Tax and social security revenues of the 2020 Hungarian budget in the shadow of the coronavirus

How might budget revenues change this year?

Tax and social security revenues of the 2020 Hungarian budget in the shadow of the coronavirus

The recently published measures on taxes and contributions brought in by the government (as part of the economy protection action plan) were not yet known when this article was written. See our later published summary here on the details!

After writing this article, but before its release, the government announced its comprehensive economy protection action plan to mitigate the negative economic impact of the coronavirus pandemic. So I am not in a position to evaluate the measures affecting tax and contribution revenues in this article, but I can try to elaborate a few ideas about the tax and contribution revenues of the 2020 Hungarian budget without taking these government measures into consideration.

Tax and contribution revenues in the 2020 Hungarian budget

Perhaps nobody will be surprised when I say that the bulk of the roughly HUF 21,000 billion (roughly EUR 57.5 billion) revenue of the 2020 Hungarian budget will be comprised of taxes and social security revenues.

The five major revenue sources from these are the following:

It is clear that these five items cover two-thirds of budgetary expenses. Although not new information, it is important that corporate tax amounting to HUF 501 billion (roughly EUR 1.4 billion)  barely contributes to the 2020 Hungarian budget. Another noteworthy fact is that the amount of special taxes still in the system is minor too. The revenue from the five most contested special taxes is as follows:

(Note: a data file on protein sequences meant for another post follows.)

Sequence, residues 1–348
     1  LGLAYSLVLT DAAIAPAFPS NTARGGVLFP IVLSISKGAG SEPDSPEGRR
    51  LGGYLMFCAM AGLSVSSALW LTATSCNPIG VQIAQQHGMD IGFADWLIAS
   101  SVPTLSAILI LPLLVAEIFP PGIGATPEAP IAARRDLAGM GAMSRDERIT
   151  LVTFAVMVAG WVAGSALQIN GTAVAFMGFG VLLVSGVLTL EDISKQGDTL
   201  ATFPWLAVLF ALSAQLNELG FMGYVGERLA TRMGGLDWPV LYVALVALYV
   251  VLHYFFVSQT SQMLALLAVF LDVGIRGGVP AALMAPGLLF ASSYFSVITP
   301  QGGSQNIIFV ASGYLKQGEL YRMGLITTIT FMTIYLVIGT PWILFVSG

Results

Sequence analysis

The overall total here does not even reach that of corporate tax, a tax which is “referred to as insignificant”.

Tax and contribution revenues in the 2020 Hungarian budget under “normal” business circumstances 

In several of my earlier articles I have analysed that the taxation policy of the government prioritises the collection of consumption taxes rather than the primary taxation of income. Such consumption taxes include, besides VAT and excise tax, any special sectoral taxes that still remain in the system. These taxes are easy to assess given the simplicity of the tax base and the lack of items modifying the tax base, and with cautious budgetary planning, along with solid but consistent economic growth, they generate surplus revenues for the budget every year, which provide the government with greater scope in its economic policy decisions. Although the significant growth in VAT revenue in Hungary for several years is mainly due to the effect of measures aimed at whitening the economy (online cash registers, the EKAER system and online invoicing), the increase in consumption and investment volumes that goes hand in hand with the growth of GDP figures have for years covered budgetary expenses and ensured a low budget deficit.